“Why Not Recovery?”
Each September marks National Recovery Month, a public health campaign across America that seeks both to promote recovery options available to those still struggling with substance abuse and mental disorders and to celebrate the people who have already begun their recovery process. These are commendable aims, to be sure. This year, the theme selected by the Substance Abuse and Mental Health Services Administration is “Join the Voices for Recovery: Strengthen Families and Communities.” Last year, the theme was “Join the Voices for Recovery: Our Families, Our Stories, Our Recovery!” So for the past couple years, SAMHSA has lifted up the crucial role that family and friends play as sources of support to vulnerable individuals. But all these family and friends naturally have their own needs for support, and they too deserve a model for healthy recovery, one that at long last receives the endorsement due it.
From the earliest days of the Twelve Step recovery movement, participants recognized that family and friends of the alcoholics in AA had distinct needs for fellowship and mutual aid after years of surviving insanity. They began meetings in 1936, but it took more than a decade for them to formalize their organization as Al-Anon Family Groups, which finally opened New York offices in 1951. Al-Anon then served as a prototype for later organizations, among them Nar-Anon, Gam-Anon, and S-Anon; these support groups help members manage the duress and distress of living with those prone to either substance abuse or process addictions, including gambling habits and sexual compulsion. They support “those effected” persons in addictive situation in getting the help required, even if the addict or alcoholic is continuously using and disinclined to seek treatment – even if the addict or alcoholic refuses to admit there’s any problem in the first place.
The book We Recovered Too: The Family Groups’ Beginnings in the Pioneers’ Own Words recounts that an Al-Anon co-founder initially “believed that Al-Anon would be equal to, if not rival, AA in membership and effectiveness. Yet many loved one ones of alcoholics continue to suffer,” just as the loved ones of various addicts do. Mental health professionals see that suffering in our counseling offices all around the country, and we are thankful to have such an array of family support groups as resources for referral. We providers recognize just how extensive the aftermath of living in close proximity to substance abuse and mental disorder can be. We hand our clients leaflets that use questions for titles, such as “Did You Grow Up With a Problem Drinker?” We hand these out because there are signs, symptoms, and struggles particular to those who can answer yes to these questionnaires, and because even cursory assessments can be revelatory.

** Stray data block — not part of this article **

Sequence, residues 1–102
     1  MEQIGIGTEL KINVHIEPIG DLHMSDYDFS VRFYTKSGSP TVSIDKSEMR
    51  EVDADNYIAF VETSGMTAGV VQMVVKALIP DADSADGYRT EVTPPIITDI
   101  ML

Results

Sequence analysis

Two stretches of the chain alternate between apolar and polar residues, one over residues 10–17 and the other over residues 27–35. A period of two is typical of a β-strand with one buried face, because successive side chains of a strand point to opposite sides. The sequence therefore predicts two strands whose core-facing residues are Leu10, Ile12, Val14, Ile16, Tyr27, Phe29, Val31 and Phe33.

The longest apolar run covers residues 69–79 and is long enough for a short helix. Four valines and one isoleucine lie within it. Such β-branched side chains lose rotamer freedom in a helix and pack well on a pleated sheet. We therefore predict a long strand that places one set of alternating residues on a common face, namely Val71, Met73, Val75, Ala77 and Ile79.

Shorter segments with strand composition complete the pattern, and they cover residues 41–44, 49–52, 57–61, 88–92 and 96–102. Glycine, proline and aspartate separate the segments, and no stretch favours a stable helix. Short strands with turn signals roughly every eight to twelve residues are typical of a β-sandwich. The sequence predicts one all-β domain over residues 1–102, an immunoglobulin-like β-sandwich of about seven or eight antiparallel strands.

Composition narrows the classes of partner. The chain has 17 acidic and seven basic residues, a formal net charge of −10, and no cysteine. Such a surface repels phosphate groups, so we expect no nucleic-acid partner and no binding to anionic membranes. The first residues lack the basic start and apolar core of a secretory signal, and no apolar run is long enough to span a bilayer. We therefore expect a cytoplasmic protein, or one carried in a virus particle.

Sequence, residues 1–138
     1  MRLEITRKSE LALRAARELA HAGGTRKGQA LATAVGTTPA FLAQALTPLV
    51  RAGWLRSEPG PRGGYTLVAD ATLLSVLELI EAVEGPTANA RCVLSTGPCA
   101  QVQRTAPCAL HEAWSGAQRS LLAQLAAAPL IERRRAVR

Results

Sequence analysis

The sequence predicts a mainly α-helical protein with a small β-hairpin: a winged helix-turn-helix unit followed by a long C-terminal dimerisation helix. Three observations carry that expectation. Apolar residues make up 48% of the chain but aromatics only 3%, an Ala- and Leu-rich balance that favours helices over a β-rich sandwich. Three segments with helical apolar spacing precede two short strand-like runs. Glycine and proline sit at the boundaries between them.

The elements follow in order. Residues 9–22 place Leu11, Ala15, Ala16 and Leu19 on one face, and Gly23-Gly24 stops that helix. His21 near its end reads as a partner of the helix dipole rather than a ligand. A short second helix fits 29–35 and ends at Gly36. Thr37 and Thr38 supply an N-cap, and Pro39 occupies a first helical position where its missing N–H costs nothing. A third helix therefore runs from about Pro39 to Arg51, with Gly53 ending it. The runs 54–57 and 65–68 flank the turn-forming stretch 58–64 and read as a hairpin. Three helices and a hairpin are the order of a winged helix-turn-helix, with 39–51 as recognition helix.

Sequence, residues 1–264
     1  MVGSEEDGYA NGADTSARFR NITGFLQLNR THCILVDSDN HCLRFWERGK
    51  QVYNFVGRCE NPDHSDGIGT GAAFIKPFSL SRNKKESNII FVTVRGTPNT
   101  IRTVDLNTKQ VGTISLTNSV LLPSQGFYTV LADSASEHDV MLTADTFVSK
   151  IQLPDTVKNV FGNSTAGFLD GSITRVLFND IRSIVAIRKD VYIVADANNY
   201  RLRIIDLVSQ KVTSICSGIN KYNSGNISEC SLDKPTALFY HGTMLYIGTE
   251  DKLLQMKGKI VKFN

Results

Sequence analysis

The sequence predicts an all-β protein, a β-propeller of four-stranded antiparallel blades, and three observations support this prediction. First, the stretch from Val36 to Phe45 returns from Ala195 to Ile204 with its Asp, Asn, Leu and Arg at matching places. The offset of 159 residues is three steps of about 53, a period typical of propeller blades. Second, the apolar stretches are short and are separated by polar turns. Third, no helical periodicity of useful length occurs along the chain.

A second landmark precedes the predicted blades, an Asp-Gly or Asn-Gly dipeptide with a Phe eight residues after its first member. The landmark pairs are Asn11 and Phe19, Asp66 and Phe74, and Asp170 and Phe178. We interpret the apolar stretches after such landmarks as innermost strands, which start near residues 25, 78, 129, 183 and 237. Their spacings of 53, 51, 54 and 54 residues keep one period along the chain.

Recently, an older woman whose husband had gotten clean and sober after three years of drug and alcohol abuse told me she was expected to continuously support him at the same time that she herself had to surrender any expectation of getting any emotional support from her spouse. All his energy and focus was directed to maintaining his sobriety. It was unfair, she complained, after all the interventions she staged. She felt like a bit player in drama that someone else’s addiction was scripting and starring in, and she did not know what plot twists lay ahead — relapse, say, or overdose, or hospitalization. She was simultaneously exhausted and hypervigilant and to make matters worse, she felt self-conscious about getting help solely for herself.
“Why not recovery for a whole Addictive System?” author Anne Wilson Schaef asks in her book, When Society Becomes an Addict. In it, she writes that “we can equate our spirituality and our process with sobriety. We cannot allow anything to come between us and our spirituality, or between us and our living process.” We cannot numb ourselves to psychic pain when what we really need is to commit to fully healing – particularly if we are the “sober” ones seeking to be happy, joyous, and free. AA calls addiction “a threefold disease: spiritual, mental, and physical”. It is a disease that infects entire families and whole communities. Those involved with addicts have had their safety and sanity jeopardized by active addiction, time and again, and the chronic stress and repeated interpersonal traumas of course take a toll – spiritually, mentally, and physically. It cannot be otherwise, whatever wishful thinking might suggest.
Currently, we have an epidemic of addiction in the United States. Opioid abuse is a pandemic, marijuana use is now normalized, and for the first time in years, alcoholism rates are on the rise. All those “soft” process additions are also hitting us hard. We certainly need for addicts to get the treatment they desperately need, as soon as possible, but we need to remember that the lives of the immediately addicted are not the only ones that hang in the balance. The lives of their children, spouses, parents, siblings, lovers, and friends are also routinely damaged, diminished, and endangered. The numbers of “those effected” are staggering. My hope for this September, and every Recovery Month that we commemorate in future years, is that we reckon honestly with the all-too-human collateral costs of addiction – in SAMSHA materials, in ongoing public health campaigns, in support groups, and in our counseling centers. Complete recovery for everyone in this addicted society should be our ambition today. Let’s “Join the Voices for Recovery” and ask for that.
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